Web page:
Traced against the background of the initial period of Soviet documental photography from the times of the October 1917 Revolution up to the early 1930s is the process of its integration, along with the oral and printed word, the poster and the film documentary, into the overall scheme of information and propaganda. Relieved of the canons of the fine arts, photographers mastered the arsenal of the reportage. Incorporated in the theory and practice of press photography was Lenin's definition of photography as publicistic imagery.
The illustrations include Leniniana photos: portraits of the revolutionary leader and episodes from his life shot by Pyotr Otsup, Moisei Nappelbaum, et al. News photography reflected the tempo of socialist construction, along with the socialist repatterning of economy, farming and culture. Described are the social working-class photography of Germany from the 1920s up to the nazi usurpation of power in 1933, and the social photography of Czechoslovakia.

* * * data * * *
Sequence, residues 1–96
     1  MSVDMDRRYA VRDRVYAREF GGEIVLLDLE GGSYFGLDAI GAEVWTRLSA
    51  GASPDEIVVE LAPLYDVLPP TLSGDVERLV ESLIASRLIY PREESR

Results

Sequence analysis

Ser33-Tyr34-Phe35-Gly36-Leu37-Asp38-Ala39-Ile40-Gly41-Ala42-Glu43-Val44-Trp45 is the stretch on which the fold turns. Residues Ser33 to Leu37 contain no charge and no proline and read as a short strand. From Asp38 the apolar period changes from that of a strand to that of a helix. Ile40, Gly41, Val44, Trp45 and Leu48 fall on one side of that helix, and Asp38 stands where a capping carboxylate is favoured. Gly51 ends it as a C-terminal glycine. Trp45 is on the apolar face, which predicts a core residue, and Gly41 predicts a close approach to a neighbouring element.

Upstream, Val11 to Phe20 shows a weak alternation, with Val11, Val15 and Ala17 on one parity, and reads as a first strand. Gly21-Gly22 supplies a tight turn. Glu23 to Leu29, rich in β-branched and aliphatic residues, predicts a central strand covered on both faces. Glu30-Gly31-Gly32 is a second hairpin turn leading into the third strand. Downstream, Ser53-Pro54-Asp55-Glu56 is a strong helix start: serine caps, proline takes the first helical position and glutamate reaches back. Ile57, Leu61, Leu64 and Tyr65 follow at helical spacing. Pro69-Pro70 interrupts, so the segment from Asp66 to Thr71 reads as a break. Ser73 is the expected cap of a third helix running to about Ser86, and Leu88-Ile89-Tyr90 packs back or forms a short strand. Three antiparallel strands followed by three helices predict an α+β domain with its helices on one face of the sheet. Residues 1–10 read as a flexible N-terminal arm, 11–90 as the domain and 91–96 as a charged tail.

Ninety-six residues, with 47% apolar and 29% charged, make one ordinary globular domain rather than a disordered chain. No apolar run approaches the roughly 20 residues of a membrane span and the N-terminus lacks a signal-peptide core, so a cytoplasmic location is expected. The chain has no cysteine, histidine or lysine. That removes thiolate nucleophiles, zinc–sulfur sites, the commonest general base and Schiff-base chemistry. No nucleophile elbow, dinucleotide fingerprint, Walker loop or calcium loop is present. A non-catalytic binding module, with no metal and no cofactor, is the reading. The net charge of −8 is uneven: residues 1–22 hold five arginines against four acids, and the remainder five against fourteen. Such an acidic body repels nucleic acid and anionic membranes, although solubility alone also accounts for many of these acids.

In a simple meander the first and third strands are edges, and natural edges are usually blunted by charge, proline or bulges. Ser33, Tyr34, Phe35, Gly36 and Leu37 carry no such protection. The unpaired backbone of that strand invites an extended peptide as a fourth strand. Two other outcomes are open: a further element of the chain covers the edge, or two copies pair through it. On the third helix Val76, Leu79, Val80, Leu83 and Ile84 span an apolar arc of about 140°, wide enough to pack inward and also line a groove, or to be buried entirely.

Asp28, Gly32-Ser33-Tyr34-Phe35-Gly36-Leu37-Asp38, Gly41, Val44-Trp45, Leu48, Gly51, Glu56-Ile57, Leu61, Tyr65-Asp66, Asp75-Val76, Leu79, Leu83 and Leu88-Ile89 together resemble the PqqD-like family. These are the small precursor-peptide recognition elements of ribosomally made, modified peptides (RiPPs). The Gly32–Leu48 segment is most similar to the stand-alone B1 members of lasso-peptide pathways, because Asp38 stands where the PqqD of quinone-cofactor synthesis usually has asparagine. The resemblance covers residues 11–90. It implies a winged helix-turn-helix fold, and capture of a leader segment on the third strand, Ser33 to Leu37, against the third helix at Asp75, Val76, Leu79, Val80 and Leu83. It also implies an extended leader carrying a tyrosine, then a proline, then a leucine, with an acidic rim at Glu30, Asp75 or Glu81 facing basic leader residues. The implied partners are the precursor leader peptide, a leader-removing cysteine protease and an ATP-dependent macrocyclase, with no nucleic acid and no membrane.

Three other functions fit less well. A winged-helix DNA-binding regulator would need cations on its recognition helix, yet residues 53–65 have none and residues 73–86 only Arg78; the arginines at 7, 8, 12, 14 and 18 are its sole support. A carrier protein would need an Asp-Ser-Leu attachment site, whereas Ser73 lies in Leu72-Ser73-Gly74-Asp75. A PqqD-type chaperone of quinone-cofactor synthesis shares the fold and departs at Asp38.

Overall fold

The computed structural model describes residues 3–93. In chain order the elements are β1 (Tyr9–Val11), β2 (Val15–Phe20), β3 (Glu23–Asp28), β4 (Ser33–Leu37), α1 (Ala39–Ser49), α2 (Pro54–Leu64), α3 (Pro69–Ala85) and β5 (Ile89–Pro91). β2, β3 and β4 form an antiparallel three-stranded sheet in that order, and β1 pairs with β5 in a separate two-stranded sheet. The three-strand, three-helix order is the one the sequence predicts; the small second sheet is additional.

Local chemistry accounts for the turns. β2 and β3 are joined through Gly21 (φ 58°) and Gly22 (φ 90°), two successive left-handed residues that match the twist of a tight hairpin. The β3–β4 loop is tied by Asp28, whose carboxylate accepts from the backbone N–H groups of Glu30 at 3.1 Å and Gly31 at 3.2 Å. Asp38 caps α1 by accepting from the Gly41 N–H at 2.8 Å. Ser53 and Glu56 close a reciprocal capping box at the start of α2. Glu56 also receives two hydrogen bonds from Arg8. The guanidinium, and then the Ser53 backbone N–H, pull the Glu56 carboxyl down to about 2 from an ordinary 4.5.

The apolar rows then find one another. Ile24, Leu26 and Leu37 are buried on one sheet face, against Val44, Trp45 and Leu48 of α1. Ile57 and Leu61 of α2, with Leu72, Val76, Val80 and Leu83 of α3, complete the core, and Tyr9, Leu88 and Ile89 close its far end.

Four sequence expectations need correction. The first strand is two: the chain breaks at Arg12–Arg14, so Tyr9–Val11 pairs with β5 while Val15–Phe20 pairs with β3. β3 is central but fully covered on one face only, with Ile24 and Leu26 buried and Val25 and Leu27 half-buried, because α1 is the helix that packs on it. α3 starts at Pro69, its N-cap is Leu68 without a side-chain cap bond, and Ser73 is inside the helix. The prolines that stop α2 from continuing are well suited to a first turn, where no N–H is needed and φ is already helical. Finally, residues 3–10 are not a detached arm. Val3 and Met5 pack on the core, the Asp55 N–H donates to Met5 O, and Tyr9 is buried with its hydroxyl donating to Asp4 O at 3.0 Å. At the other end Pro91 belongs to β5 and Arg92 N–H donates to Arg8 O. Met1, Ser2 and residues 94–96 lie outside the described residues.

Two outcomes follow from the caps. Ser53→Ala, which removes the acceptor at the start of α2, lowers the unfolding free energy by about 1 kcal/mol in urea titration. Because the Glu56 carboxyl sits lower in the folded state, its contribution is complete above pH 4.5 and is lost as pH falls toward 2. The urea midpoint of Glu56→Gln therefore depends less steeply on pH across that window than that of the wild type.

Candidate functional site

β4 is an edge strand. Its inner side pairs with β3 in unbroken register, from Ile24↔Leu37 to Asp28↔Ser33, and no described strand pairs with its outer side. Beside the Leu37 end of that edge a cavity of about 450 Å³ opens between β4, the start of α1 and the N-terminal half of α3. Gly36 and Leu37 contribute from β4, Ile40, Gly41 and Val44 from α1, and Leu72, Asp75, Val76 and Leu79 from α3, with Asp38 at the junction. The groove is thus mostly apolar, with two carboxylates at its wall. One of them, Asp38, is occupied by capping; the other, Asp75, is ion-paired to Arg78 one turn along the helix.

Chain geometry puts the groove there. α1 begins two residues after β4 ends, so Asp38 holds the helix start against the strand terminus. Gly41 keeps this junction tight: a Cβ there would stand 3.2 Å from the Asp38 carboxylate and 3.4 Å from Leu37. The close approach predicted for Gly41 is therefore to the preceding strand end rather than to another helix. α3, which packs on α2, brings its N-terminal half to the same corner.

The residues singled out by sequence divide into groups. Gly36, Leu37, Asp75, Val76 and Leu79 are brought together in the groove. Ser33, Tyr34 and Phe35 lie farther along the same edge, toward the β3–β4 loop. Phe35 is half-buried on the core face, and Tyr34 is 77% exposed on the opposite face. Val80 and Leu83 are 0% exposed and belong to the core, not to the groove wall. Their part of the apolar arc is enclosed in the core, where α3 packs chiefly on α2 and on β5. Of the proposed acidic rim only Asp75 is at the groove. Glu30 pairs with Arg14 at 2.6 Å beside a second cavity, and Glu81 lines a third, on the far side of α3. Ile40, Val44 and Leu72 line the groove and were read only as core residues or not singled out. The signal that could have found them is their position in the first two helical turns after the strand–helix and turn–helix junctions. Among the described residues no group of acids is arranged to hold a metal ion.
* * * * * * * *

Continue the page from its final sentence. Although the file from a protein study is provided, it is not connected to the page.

Accounts are supplied of such noted Soviet innovators, among others, as Alexander Rodchenko and Boris Ignatovich. Expounded are the innovative concepts of Laszlo Moholy-Nagy, and Albert Renger-Patzsch, the photomontage of John Heartfield, and the new approaches of the Czech Jaromir Funke and the three Americans Ray Man, Edward Weston and Ansel Adams.
Instances are culled from the creative careers of such noted Soviet press photographers, among others, as Max Alpert, Dmitry Debabov, Arkady Shaikhet and Ivan Shagin, to demonstrate the advances made in reportage and its link with realist painting and especially the art of socialist realism.
Note is paid to the social photography of the mid-1930s in the USA, as represented by Dorothea Lange, Walker Evans, Arthur Rothstein and Paul Strand. Mention is made of the Frenchman Henri Cartier-Bresson and the Hungarian Brassai.